# QHack Deutsch- Jozsa

Apologies all, if this is an inappropriate place to post this question;

I have a question regarding the QHack Deutsch-Jozsa (first) question and my understanding of the oracle.

My results are the same as the test data.

However, my understanding is that the oracle is supposed to be guaranteed to give constant or balanced output for a binary sequence of any length “n”.

However, the test data gives one result which is “balanced” and another that is “constant”. How can that be?

In fact, the oracle provided gives alternating “balanced” and “constant” output if one simply gives it , [0,0], [0,0,0], [0,0,0,0] etc. and the same for  etc.

Also, whereas [0,1] and [1,0] are balanced, [0,1,1,0] and [1,0,1,0] are given as constant.

The answer can’t surely be that it is a different Oracle every time dependent on what binary sequence is passed to it? What would be the point of that?

Have I misunderstood the point of the algorithm or is has a bad choice of oracle been used?

Simon

Hi Simon!

I think I understand your question but if not please feel free to say so. In this case, the .in files have nothing to do with the results of the function. It is a way to create the oracle but without making it obvious (to avoid cheating in the exercise).The .in refers to the distribution of a series of CNOT gates that will determine if the function is constant or balanced and in this case we will always work with n=2.

I hope this helps!

Hi Guillermo,

Thanks! Yes, that was it. I stupidly misread the question. I thought the .in files were the providing the input to f: {0,1}^n -> {0,1}.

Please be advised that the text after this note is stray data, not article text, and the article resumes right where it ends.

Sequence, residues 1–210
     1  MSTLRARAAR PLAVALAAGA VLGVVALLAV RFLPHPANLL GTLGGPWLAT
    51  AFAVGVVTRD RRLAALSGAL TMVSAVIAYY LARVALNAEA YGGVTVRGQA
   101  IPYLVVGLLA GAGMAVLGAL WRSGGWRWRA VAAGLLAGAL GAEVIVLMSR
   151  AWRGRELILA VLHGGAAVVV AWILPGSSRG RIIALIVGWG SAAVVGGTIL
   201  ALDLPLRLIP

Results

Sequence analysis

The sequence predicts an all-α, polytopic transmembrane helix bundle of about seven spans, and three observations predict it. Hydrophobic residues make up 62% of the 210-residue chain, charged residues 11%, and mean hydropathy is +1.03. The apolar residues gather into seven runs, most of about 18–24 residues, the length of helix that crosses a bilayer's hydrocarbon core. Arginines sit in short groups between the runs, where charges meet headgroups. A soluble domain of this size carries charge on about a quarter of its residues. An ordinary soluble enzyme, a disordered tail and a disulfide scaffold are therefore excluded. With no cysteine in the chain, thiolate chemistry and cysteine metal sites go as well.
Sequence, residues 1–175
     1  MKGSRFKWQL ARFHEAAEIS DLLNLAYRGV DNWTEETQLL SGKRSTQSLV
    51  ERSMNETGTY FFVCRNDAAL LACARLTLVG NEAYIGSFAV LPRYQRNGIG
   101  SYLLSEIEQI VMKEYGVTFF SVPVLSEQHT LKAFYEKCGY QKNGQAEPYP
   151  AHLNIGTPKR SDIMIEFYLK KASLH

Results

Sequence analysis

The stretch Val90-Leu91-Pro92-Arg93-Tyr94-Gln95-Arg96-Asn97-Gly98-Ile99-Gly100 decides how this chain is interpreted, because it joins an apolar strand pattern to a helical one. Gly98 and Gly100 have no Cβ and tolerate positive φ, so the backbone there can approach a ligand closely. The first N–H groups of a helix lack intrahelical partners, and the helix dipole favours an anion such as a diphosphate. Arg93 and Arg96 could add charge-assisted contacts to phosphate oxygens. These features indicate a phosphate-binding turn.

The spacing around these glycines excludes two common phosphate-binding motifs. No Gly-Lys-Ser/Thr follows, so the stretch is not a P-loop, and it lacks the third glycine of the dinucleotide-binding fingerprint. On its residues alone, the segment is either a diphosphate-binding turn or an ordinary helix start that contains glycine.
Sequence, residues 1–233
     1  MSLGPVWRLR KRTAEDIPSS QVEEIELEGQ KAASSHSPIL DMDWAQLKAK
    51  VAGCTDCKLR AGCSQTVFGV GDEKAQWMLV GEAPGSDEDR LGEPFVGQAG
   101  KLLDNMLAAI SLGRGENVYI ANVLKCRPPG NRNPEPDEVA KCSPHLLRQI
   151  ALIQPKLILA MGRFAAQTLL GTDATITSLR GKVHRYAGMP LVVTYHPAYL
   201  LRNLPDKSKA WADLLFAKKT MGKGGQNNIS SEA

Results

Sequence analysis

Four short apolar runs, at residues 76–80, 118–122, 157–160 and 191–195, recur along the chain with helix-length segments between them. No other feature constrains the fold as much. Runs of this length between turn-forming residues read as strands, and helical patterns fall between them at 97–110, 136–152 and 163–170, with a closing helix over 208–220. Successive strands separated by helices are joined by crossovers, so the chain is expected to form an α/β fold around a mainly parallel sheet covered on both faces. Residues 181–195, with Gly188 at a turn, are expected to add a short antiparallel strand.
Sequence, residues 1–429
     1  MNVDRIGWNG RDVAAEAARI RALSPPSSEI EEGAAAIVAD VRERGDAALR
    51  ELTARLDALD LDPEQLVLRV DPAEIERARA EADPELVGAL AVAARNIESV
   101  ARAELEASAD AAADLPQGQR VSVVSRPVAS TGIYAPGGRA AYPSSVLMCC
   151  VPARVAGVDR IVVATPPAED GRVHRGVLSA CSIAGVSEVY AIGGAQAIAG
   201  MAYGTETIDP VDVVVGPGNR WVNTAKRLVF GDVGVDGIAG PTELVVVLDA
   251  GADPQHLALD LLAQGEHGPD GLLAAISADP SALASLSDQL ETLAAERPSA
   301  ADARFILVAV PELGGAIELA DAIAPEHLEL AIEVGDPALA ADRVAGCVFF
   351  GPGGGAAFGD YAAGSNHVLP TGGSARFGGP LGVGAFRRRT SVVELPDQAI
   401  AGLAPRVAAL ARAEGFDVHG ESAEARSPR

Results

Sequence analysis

As a result, even though I could see that the input was being used in the definition of the oracle, I assumed that it was configuring a single oracle for two different binary strings. I now realise that each run creates a different oracle!

To try to make sure that I understood it properly, I wrapped the call to circuit() in a loop and returned information from all three wires. Over different runs, I returned sample(), state() and probs() and printed out the results and then repeated all that with one of the post processing Hadamard’s commented out and then both. I compared what I saw to the probability equation on the wikipedia page and now have a much better appreciation of how it works.

There is just one “however”. My assumption is that because shots = 1, each time an observation / sample() occurs, the system “collapses” into one binary sequence or another. However, while I can see (as a result of looking at the third wire) that both the balanced and constant results “process” different binary sequences each pass through the loop, I couldn’t find a way of “trapping” the exact sequence.

Is there anyway, in the case of the (1,1) oracle for example, to satisfy oneself that each of 00,01,10 and 11 are processed and all give |00> ?

(I want to make sure I get the most out of the challenge rather than stopping because the code is working).

Thanks so much for your support!

Simon

Once you have the oracle defined, you could do checks of this type. (Change the bits variable to your liking) ``````    dev = qml.device("default.qubit", wires=3, shots=1)

@qml.qnode(dev)
def circuit(bits):
"""
Args:
bits (list): Input of the oracle. Could be [0,0], [0,1], [1,0] or [1,1]
"""

if bit == 1:
qml.PauliX(wires = 0)
if bit == 1:
qml.PauliX(wires = 1)

oracle()

return qml.sample(wires=range(3))

bits = [0,0]
sample = circuit(bits)
print(sample)
``````

but the output will not give |00>, that only occurs when you put them all in at the same time. What you can check by hand is if it is constant or balanced.